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May 242010
 

From Green Right Now Reports

The eruption of a volcano in Iceland and the BP oil spill in the Gulf of Mexico have drawn attention to the concept of how particles flow both in the air and in water. A pair of researchers at Virginia Tech and at École Polytechnique, Université Libre de Bruxelles, Belgium say that flow, though seemingly random, can be characterized more effectively.

Shane Ross and colleague Francois Lekien reported their findings in the publication Chaos. Their research “will aid scientists and engineers in understanding and in controlling this type of global-scale phenomena, such as pollution dispersion in the atmosphere and the ocean, and large-scale transport of biological organisms, including airborne plant pathogens and respiratory disease agents,” said Ishwar Puri, head of the Engineering Science and Mechanics department at Virginia Tech.

The current BP spill, for instance, could be modeled using Ross and Lekien’s findings to provide greater insight into how the particles might be dragged into the Gulf of Mexico’s Loop Current.

Ross and Lekien said they employed existing scientific principles of Lagrangian coherent structures, which reveals the separation of the atmosphere into dynamically distinct regions, to investigate the shapes of geophysical flow patterns. They used the 2002 discovery of the Antarctic hole in their work because they viewed it as a “prototype atmospheric event” allowing for their studies on topological divisions on the mixing and transport of atmospheric tracers.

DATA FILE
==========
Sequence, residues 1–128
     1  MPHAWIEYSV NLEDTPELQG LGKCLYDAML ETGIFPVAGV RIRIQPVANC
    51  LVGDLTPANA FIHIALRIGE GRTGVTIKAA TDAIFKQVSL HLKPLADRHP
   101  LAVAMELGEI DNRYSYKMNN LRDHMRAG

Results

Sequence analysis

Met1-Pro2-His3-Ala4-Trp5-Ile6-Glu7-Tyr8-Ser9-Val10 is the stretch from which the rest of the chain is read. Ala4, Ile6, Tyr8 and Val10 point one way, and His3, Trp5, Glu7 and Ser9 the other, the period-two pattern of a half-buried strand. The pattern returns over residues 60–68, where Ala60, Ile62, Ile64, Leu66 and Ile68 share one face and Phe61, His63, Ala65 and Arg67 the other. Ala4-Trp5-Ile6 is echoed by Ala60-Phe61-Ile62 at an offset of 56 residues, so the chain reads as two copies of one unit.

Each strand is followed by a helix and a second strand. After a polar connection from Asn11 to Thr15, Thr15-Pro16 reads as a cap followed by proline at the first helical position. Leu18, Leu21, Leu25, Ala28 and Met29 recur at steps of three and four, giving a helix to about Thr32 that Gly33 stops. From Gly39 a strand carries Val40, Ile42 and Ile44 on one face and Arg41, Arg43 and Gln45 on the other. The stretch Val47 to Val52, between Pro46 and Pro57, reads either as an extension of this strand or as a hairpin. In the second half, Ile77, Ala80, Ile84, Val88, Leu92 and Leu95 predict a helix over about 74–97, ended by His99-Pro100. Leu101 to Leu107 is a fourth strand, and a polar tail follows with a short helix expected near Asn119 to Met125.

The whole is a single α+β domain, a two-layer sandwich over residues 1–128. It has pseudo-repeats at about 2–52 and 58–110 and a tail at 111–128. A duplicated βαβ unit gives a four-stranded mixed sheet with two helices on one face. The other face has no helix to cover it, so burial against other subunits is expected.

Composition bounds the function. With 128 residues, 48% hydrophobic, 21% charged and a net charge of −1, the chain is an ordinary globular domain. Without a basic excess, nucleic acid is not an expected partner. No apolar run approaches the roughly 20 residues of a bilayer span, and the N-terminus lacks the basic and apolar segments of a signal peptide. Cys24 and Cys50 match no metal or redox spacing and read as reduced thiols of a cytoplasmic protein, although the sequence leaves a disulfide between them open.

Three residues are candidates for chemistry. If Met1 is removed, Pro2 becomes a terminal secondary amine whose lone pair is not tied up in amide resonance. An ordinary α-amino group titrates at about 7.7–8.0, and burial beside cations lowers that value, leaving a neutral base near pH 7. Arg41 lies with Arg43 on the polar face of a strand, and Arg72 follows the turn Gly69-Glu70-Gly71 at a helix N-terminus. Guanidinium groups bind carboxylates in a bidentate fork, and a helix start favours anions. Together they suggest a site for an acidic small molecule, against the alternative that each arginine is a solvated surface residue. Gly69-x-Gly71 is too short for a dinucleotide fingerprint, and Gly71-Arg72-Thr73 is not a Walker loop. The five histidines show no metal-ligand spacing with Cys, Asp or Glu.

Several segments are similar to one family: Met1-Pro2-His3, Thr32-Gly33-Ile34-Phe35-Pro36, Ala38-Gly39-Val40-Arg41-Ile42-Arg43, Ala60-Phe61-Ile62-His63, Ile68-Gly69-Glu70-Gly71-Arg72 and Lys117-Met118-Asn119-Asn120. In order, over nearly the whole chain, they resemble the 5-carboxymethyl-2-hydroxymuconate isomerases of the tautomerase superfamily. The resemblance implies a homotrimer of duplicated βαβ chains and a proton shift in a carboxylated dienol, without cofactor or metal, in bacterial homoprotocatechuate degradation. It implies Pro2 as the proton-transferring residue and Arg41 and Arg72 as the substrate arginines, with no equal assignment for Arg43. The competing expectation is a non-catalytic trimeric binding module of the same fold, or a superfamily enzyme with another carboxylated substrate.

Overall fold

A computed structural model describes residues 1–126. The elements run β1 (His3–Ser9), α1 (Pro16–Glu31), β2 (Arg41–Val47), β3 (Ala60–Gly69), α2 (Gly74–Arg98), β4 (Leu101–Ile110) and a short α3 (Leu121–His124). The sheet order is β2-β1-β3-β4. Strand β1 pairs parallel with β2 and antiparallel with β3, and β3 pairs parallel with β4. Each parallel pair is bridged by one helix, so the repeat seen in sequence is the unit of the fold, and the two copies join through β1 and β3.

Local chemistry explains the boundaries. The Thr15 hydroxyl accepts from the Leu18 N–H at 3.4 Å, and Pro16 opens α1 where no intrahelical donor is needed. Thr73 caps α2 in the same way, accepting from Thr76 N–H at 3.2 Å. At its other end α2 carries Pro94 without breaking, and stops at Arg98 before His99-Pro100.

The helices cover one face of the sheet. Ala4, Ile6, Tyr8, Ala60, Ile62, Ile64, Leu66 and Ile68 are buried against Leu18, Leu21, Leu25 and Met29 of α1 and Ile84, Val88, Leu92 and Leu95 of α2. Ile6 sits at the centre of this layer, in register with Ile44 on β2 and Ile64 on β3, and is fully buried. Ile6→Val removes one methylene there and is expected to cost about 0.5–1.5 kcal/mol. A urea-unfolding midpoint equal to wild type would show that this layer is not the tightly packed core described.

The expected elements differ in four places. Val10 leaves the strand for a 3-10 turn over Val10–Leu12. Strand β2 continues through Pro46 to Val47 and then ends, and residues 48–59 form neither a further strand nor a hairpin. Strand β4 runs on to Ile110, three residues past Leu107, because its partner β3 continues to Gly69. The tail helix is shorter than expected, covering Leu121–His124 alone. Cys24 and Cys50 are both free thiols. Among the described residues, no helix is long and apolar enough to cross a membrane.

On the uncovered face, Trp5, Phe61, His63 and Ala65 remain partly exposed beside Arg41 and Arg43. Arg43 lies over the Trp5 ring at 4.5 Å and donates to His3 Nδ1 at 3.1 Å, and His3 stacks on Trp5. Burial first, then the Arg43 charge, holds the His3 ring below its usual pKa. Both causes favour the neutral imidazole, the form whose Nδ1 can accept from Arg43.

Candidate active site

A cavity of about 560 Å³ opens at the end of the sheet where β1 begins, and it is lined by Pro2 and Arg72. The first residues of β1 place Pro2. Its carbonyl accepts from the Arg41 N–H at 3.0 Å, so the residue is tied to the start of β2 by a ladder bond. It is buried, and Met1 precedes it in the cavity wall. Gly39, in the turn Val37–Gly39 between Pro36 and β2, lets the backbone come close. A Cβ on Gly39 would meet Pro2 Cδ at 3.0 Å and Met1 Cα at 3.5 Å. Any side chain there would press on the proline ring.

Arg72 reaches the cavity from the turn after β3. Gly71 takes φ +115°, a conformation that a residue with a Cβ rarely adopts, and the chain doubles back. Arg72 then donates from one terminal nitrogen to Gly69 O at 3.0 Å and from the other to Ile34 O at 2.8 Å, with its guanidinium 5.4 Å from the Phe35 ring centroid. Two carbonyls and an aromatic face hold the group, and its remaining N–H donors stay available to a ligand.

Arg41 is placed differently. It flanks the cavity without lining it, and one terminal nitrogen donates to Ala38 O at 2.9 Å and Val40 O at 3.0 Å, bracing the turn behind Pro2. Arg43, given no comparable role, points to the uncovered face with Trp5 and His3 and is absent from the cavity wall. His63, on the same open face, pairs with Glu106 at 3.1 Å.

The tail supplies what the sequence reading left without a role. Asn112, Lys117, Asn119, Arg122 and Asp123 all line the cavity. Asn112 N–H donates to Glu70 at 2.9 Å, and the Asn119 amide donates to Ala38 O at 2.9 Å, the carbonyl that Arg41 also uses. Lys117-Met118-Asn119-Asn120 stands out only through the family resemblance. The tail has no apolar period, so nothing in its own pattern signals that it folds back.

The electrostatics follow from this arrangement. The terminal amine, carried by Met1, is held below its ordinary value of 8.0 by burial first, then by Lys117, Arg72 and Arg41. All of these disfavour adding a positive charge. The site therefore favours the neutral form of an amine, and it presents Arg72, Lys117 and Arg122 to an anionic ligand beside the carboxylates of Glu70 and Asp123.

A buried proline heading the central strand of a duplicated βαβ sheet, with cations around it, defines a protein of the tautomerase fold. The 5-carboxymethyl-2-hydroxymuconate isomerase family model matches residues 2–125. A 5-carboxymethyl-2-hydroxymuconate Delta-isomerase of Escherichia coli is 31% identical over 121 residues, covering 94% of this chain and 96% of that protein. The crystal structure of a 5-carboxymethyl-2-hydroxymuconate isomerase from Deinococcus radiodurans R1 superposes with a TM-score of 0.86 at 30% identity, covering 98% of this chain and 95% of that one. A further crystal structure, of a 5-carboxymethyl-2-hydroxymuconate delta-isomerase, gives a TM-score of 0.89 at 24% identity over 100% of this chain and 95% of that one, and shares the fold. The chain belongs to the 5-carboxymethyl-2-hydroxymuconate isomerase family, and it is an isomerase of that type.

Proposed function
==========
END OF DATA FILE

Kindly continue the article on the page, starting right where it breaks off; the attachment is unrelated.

Reviewing data from the event, they were able to determine that an isolated “blob of air” was slowly rotating over Antarctica. Lagrangian coherent structures, some which repel nearby air and some that attract it, formed inside the vortex. The vortex pinched off, sending the northwestern part of the ozone hole off into the mid latitude range while the southwestern portion returned to its regular position over the South Pole.

Consequently, they write, when there is more than one vortex flow on a sphere, such as the planet Earth, “complicated spatial structures can arise and evolve, such as the polar vortex split.” They were able to model this event, capturing some of its dynamic features.